[L] Film versus the "Faculty" : Rated R in your cinema
benn at DENTAL.UFL.EDU
Thu Nov 15 15:37:31 PST 2001
To all the Latin scholars who have responded I can only apologise and explain that my "Latinese" was only an approximation to convey a sentiment.
However, maybe we should start a Latin version of our correspondence which could be denoted by [L] in the Subject ...........
>>> ronlasim at BIGPOND.COM 11/15/01 02:35PM >>>
Douglas, you definitely left "est" out in the Latin version.
----- Original Message -----
From: "PF. vd. Stelt" <p.vdstelt at acta.nl>
To: <ORADLIST at listserv.ucla.edu>
Sent: Thursday, November 15, 2001 9:21 PM
Subject: Re: Film versus the "Faculty" : Rated R in your cinema
I totally agree with your exposé and have only ne little correction: change
"desperadum" into "desperandum" (one but last sentence) ...
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On Thu Nov 15 02:29:00 2001,
"Douglas Benn" <benn at DENTAL.UFL.EDU> wrote:
>We are using F speed at Univ Florida. It is subjectively very good.
>The "faculty" recently wanted to change back to D speed as we had a large
>number of failures with the Boards and the knives were out to find a
>However, unbeknown to the faculty it was D speed film that was used for the
>Boards and so film type could not be blamed.
>Never a body to give up easily the "faculty" turned to "the lesions seem to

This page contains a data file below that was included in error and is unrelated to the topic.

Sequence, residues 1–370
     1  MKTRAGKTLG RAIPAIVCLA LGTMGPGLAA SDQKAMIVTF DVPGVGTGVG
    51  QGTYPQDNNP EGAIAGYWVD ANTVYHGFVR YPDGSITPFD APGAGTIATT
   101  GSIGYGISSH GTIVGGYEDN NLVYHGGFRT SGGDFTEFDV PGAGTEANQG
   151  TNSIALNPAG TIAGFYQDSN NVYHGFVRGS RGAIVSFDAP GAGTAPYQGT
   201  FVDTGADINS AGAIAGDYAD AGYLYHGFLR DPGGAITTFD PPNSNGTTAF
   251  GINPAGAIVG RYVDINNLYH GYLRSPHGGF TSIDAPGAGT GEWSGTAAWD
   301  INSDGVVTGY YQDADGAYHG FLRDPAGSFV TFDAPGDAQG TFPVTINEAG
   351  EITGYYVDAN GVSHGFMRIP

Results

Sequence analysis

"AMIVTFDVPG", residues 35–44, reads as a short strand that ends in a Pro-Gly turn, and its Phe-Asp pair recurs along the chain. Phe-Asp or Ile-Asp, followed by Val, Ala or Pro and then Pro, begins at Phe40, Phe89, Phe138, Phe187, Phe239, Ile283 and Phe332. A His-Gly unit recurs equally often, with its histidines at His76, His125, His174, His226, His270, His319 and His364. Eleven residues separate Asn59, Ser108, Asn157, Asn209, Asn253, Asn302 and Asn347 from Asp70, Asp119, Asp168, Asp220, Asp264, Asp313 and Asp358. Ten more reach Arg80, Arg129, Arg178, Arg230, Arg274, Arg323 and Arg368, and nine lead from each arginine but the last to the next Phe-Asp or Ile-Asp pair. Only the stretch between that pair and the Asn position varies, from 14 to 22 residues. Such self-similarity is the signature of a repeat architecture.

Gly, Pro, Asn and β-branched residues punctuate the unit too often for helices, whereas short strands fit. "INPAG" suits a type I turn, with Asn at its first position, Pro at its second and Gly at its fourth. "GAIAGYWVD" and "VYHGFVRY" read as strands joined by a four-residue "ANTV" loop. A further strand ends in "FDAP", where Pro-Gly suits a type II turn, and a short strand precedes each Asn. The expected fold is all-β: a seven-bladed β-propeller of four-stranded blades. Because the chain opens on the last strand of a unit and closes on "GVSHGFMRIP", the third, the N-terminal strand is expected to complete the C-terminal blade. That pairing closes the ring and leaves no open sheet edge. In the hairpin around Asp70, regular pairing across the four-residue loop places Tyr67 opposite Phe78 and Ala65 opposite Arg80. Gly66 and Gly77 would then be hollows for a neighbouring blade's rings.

>be deeper than we would have seen with D speed Film."
>I accepted the challenge and gave a tutorial last week to the Chairs. I
>1. Shadows are related to relative mass loss of Ca++ and not the presence
>softened tooth found with a bur. Partial remineralization of a lesion can
>result in comparatively little net loss of tissue preventing a lucency
>formed. (No, I can't give you a reference to this but fortunately they
>read papers any way).
>2. The assumption that D speed will reveal a lesion when E or F will not is
>just that, an assumption. Here I am on stronger grounds since when
>2 years ago by a "faculty" member to go back to D speed because they could
>see clinically an interproximal lesion on #8 but nothing on the film, I
>the patient if they would agree to an unecessary film to demonstrate a
>scientific point. They agreed and the D speed film showed nothing at all.
>"faculty" member visibly shrank.
>By now the Chairs were reeling and I delivered the "Coup de Gras".
>3. If you view the films in the normal manner (against a 1,000 watt
>flourescent strip hanging from the ceiling or frequently in the elevator)
>with a bright unmasked background, your contrast sensitivity diminishes
>greatly and even if the faint shadows are there, you will not be able to
>them[Stu - I could not find the information in your latest book - What have
>you done with this?].
>The Chairs were now looking positively green (not with envy). The diet of
>scientific facts, logic, and a rational approach to solving a problem was
>something they are used to encountering in dental schools.
>So in summary I recommend "Nil desparadum carborundum" loosley translated
>"Don't let the b........ grind you down."
>Go down fighting lads and lassies!
>>>> nlfred at HOME.COM 11/14/01 19:55 PM >>>
>If we could have a little help with a few questions please:
>Who is using F-speed film at their institution?
>What is your experience? Good? Problems?
>Do you know of any resistance by examining boards. It is my
>understanding that one/some did not like E-speed images.
>We had an unfortunate experience here with E-speed film some years ago
>that I would not like to repeat.
>Neil L. Frederiksen
>Baylor College of Dentistry/TAMUSHSC
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